U.S. lawmaker probed on sex reports, second congressman denies charges

WASHINGTON (Reuters) - The U.S. House of Representatives Ethics Committee said on Friday it had begun an investigation into public reports that Democrat Ruben Kihuen engaged in sexual harassment, and a second lawmaker denied a former aide’s allegations of sexual misconduct.

FILE PHOTO: Nevada State Senator Ruben J. Kihuen speaks on the final day of the Democratic National Convention in Philadelphia, Pennsylvania, U.S. July 28, 2016. REUTERS/Mike Segar

The ethics panel said that announcing the probe was not a sign the committee already had determined the Nevada representative violated any rules.

“As I’ve said previously, I intend to fully cooperate, and I welcome an opportunity to clear my name,” said Kihuen in a statement provided to Reuters.

The news website Buzzfeed has reported that Kihuen, currently finishing his first year in Congress, harassed a staff member on his 2016 political campaign, and on Thursday there were multiple reports of an anonymous lobbyist’s description of his unwanted advances. Reuters has not independently confirmed the reports.

Lawmakers from both U.S. political parties have recently been ensnared in allegations of sexual misconduct, prompting the committee to launch a probe this month of all House members and their staffs.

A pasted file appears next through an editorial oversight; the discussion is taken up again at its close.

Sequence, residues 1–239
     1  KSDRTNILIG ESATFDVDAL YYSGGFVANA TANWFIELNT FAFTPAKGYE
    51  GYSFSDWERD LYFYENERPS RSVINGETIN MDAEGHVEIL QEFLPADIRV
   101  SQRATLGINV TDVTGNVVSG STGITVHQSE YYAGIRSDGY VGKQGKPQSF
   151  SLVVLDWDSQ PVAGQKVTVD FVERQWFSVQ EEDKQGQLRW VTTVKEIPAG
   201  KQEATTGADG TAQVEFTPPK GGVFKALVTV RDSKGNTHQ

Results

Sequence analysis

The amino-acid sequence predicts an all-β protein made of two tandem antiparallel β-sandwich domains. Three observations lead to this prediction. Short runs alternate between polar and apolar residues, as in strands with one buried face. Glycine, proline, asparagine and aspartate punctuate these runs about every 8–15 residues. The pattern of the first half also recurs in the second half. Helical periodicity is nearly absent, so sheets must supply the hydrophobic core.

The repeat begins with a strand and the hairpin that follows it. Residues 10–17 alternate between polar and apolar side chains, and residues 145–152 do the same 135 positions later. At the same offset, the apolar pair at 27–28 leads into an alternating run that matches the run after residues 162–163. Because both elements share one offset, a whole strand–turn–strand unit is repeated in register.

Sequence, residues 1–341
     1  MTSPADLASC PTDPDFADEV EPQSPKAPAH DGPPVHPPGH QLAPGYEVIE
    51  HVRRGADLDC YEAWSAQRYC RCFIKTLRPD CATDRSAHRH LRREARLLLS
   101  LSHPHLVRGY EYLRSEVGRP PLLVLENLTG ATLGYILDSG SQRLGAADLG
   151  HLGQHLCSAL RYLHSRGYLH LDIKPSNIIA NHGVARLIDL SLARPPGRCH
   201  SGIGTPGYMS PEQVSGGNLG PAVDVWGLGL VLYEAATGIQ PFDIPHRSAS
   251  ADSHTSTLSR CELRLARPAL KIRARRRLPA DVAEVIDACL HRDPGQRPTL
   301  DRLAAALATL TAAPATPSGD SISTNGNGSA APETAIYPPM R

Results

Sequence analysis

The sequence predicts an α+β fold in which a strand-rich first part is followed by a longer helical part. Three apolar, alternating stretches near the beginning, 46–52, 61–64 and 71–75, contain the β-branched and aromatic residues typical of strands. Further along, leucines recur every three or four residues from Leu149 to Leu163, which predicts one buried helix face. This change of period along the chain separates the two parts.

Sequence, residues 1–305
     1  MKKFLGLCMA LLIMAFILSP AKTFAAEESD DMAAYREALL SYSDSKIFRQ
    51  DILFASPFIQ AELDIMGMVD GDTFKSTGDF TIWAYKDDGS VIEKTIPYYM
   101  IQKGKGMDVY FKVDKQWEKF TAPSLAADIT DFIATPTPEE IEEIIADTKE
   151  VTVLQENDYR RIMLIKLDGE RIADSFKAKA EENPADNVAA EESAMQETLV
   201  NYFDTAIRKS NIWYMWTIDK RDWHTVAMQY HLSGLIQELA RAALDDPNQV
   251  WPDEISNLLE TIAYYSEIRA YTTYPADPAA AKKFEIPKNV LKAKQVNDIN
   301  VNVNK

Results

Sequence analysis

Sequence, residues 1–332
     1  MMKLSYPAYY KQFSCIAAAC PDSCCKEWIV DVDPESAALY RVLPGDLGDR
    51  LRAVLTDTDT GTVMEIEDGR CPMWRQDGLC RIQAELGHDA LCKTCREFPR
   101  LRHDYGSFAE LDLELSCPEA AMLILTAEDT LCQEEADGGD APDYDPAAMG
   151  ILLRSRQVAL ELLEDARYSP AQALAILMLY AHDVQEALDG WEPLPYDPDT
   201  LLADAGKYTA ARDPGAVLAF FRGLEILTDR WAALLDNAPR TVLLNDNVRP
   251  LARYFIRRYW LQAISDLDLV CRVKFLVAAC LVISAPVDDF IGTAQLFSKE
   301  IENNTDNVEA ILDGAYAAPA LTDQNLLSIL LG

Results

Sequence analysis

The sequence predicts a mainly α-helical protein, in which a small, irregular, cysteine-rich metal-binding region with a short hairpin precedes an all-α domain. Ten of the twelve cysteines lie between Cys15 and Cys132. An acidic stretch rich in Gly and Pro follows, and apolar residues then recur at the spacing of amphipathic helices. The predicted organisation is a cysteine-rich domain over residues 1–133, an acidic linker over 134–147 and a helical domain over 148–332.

On Friday a second Democratic congressman, Bobby Scott of Virginia, was accused by former legislative aide Macherie Reese Everton of touching her leg and back without permission in 2013 and offering to advance her career in exchange for sex and said she was wrongfully dismissed from her job.

Scott, who has served 25 years in Congress, rejected Everton’s charges and said he had never sexually harassed anyone.

“I absolutely deny this allegation of misconduct,” he said in a statement. “I am confident that this false allegation will be seen for what it is when the facts are adequately reviewed.”

Reuters has not independently verified the claims.

This week Republican Representative Blake Farenthold said he would not seek re-election after accounts surfaced that he created a hostile work environment.

In a Facebook post, Farenthold denied allegations of sexual harassment by former staff members but admitted he allowed an unprofessional culture to flourish in his Capitol Hill office.

Members of Congress are working on legislation to update the body’s rules on sexual harassment.

Representative Carolyn Maloney said she will introduce a bill on Friday that says companies cannot block sexual harassment victims from publicly disclosing the details of their allegations, which often are included in settlement agreements.

Allegations of misconduct in recent weeks have also been made against movie-makers, television interviewers and other men in the private sector.

Reporting by Lisa Lambert; Editing by Cynthia Osterman and Clive McKeef